Every once in a while, it’s fun to cast off the wispy tendrils connecting sanity to what passes for reality these days and consider a real crack pipe concept: what if Elon Musk made airplanes? This occurred to me this week when the news broke that tech billionaire Jeff Bezos plans to build a giant rocket called the New Glenn. (Catchy name.)
Despite my throwing a little shade at Musk last week after one of his rockets blew up—I mean burned rapidly—you have to give the man his due. He founded SpaceX only in 2002, but since then, he has become the runaway success story in the private launch business, having launched 29 Falcon 9 boosters and landed a $1.6 billion contract for NASA missions, plus a lot of other satellite business. Seven more launches are planned before the end of the year, assuming SpaceX figures out fairly quickly why the last one failed on the pad.
While that’s impressive, the bigger story is how much cheaper SpaceX claims to be doing these launches compared to its chief rival, United Launch Alliance, a consortium of Boeing and Lockheed. Even the Chinese can’t match SpaceX’s launch costs. ULA is cagey about its launch prices, but what data is available from sources like space.com suggest that SpaceX gets a Falcon payload into low earth orbit for about $62 million, while ULA charges$164 million for an Atlas V, although the real number could be higher. If SpaceX gets its reusable first-stage to work out, its costs might shrink to $48 million and some customers are wishing for $30 million as though they expect to get it. Getting there will require a certain volume formula, since SpaceX will need a pool of recovered cores to refurb for the next flight.
Twenty years ago—even 10, maybe—few in the aerospace business would have said this magnitude in cost reduction to orbit would have been possible for the same reasons those of us who think we know about airplanes say the prices of new ones will never come down. You can see where I’m going here. If I apply Musknomics to, say, a $380,00 new Cessna 172, the price would drop to $114,000, using the best-case numbers. And a really nice LSA would cost $40,000, just like so many people have told me they were promised it would. (They weren’t; they imagined it.) Anyway, wouldn’t this be interesting?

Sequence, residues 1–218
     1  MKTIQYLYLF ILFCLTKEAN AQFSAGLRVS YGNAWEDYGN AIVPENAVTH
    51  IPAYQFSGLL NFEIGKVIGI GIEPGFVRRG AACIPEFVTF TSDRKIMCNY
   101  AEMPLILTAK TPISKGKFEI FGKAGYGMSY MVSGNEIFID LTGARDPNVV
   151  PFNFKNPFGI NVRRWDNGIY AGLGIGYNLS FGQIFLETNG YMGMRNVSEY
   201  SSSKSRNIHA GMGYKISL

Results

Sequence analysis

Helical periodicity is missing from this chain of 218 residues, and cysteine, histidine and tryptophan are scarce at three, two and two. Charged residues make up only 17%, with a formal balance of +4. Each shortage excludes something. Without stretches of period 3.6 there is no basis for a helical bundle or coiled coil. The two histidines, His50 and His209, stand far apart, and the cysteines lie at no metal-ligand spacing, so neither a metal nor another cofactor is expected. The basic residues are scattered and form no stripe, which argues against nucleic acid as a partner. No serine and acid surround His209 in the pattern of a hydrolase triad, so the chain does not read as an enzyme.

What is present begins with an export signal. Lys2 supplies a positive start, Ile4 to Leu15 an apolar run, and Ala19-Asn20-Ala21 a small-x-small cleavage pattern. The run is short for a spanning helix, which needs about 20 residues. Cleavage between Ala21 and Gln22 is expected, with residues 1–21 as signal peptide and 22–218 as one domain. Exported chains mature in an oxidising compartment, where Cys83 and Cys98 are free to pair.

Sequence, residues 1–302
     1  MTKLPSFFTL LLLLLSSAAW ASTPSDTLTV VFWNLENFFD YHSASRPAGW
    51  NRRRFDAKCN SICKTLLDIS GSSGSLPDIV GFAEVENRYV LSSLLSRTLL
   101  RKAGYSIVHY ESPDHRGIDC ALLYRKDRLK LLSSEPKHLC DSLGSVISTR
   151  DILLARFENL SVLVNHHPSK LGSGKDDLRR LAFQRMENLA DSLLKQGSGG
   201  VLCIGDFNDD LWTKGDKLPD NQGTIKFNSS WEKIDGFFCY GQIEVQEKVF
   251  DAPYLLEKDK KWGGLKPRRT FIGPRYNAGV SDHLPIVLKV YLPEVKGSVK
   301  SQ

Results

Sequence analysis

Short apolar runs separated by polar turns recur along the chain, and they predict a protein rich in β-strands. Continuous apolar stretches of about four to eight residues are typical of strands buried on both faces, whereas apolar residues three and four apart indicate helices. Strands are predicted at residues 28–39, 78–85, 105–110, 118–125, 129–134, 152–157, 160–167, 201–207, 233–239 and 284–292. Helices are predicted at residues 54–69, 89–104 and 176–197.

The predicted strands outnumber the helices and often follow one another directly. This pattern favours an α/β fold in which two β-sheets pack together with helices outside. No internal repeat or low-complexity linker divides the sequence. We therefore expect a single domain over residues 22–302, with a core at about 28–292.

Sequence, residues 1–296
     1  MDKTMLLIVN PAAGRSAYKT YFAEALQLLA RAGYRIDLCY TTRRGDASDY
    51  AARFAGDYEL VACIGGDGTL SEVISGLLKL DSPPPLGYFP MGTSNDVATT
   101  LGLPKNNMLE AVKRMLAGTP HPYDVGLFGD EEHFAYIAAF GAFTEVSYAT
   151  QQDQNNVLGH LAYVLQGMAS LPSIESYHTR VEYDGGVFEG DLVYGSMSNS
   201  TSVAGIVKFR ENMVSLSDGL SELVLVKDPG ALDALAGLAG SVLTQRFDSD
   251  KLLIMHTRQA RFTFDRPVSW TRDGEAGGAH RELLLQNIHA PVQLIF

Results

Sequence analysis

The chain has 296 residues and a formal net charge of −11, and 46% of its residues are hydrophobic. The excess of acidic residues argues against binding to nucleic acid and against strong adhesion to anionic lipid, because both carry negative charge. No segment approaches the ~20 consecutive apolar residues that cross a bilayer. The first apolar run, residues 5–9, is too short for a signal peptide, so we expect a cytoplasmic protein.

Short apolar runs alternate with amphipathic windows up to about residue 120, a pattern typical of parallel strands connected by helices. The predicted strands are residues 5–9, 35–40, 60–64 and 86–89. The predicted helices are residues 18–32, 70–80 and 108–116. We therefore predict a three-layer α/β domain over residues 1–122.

What Musk may be proving is that the military-industrial complex has built a lot of margin into rockets sold to the moneybags government and competition may be about to trim that. Let’s hear it for private enterprise space initiatives! Blue Origin promises to bring yet more competition to the launch business and this will no doubt tank the Russian’s habit of charging $82 million for a seat to the ISS.
Before the hallucinogenic wears off, I’ll deconstruct the airplane dream. First of all, I don’t think Elon Musk is a sociopath and it takes at least sociopathic tendencies to voluntary start building airplanes. And how did he accomplish these remarkable economics anyway, given that he’s trained in physics and business and is by no means a rocket scientist?
As Air and Space’s Andrew Chaikin explains in this article, SpaceX has done it by building a much simplified booster system that uses the same engine for all stages. Furthermore, at every phase of manufacture, it seeks commonality of parts and materials to reduce tooling and acquisition costs. By comparison, ULA’s Atlas V is a more complex rocket, requiring different engines and fuels for each stage. But because of its complex confiurgations, it can also lift payloads the Falcon 9 can’t.
Then there’s the market, or lack thereof. Around 2000, when NASA was planning to exit the launch business, Musk saw an opportunity with not many players competing. He seized it and now enjoys strong demand for his launch services. He got into rockets because it interested him.
The market dynamic in GA is entirely different, of course, but in the odd delusional moment, think what GA might be like if a new Cessna 172 really did cost $114,000. Would it fundamentally reset the market? Or how about a $40,000 LSA? Musk set out to turn the cost of space travel on its head and he’s come close to delivering. We do know he’s talked about an electric supersonic airplane and has a design in mind. I can think of crazier things. (Even Musk himself has described his Mars colonization plan as “entertaining.”)
One hill SpaceX has yet to climb is long-term reliability at a high launch cadence, which NASA, at least, will want for man rating Musk’s rockets. In 29 attempts, and counting the launch pad fire earlier this month, SpaceX has lost two boosters for a 93 percent score. Competitor ULA is 60 for 60 on the Atlas V and looking back at NASA’s record for manned flight, Mercury-Redstone, Mercury-Atlas, Gemini-Atlas and Apollo-Saturn manned launches were all 100 percent. The Space Shuttle had one launch failure for a score of 99.3 percent. (The Columbia entry loss was not a launch failure.)
If SpaceX’s current score had been applied to the Shuttle, it would have translated to 10 vehicle losses and would have been untenable. Even for unmanned launches, the military has been willing to pay ULA’s higher launch costs for its expensive spy satellites, evidently figuring the Atlas’ demonstrated reliability is worth it. Still, given SpaceX’s short history, the record is impressive.
At this point, SpaceX is thought to be profitable, although because it’s closely held, no one outside the company knows for sure. If it is, Musk has established a new paradigm by radically reducing the cost to get into space while still making money at it. If only he could do the same for the black hole economics of airplane manufacturing.
The foregoing is opinion and commentary based on disclosed facts. AVweb welcomes other points of view, including guest blogs.